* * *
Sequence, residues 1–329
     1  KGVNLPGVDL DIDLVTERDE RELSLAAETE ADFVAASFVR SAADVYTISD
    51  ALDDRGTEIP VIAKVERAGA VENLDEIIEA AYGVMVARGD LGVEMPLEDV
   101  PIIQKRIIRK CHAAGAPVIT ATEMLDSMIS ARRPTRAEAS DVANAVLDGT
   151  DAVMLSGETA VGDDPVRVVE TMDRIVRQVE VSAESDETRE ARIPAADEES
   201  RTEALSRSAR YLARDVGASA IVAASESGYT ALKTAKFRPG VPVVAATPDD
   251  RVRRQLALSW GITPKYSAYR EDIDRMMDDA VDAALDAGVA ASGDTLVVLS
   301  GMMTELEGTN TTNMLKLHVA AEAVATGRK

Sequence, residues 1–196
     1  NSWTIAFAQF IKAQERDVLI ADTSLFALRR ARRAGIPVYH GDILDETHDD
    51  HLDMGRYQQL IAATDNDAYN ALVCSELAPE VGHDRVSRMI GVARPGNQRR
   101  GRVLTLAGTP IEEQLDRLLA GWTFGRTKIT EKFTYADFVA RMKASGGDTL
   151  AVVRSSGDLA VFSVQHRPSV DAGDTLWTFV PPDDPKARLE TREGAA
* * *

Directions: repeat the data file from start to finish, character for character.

Sequence, residues 1–329
     1  KGVNLPGVDL DIDLVTERDE RELSLAAETE ADFVAASFVR SAADVYTISD
    51  ALDDRGTEIP VIAKVERAGA VENLDEIIEA AYGVMVARGD LGVEMPLEDV
   101  PIIQKRIIRK CHAAGAPVIT ATEMLDSMIS ARRPTRAEAS DVANAVLDGT
   151  DAVMLSGETA VGDDPVRVVE TMDRIVRQVE VSAESDETRE ARIPAADEES
   201  RTEALSRSAR YLARDVGASA IVAASESGYT ALKTAKFRPG VPVVAATPDD
   251  RVRRQLALSW GITPKYSAYR EDIDRMMDDA VDAALDAGVA ASGDTLVVLS
   301  GMMTELEGTN TTNMLKLHVA AEAVATGRK

Sequence, residues 1–196
     1  NSWTIAFAQF IKAQERDVLI ADTSLFALRR ARRAGIPVYH GDILDETHDD
    51  HLDMGRYQQL IAATDNDAYN ALVCSELAPE VGHDRVSRMI GVARPGNQRR
   101  GRVLTLAGTP IEEQLDRLLA GWTFGRTKIT EKFTYADFVA RMKASGGDTL
   151  AVVRSSGDLA VFSVQHRPSV DAGDTLWTFV PPDDPKARLE TREGAA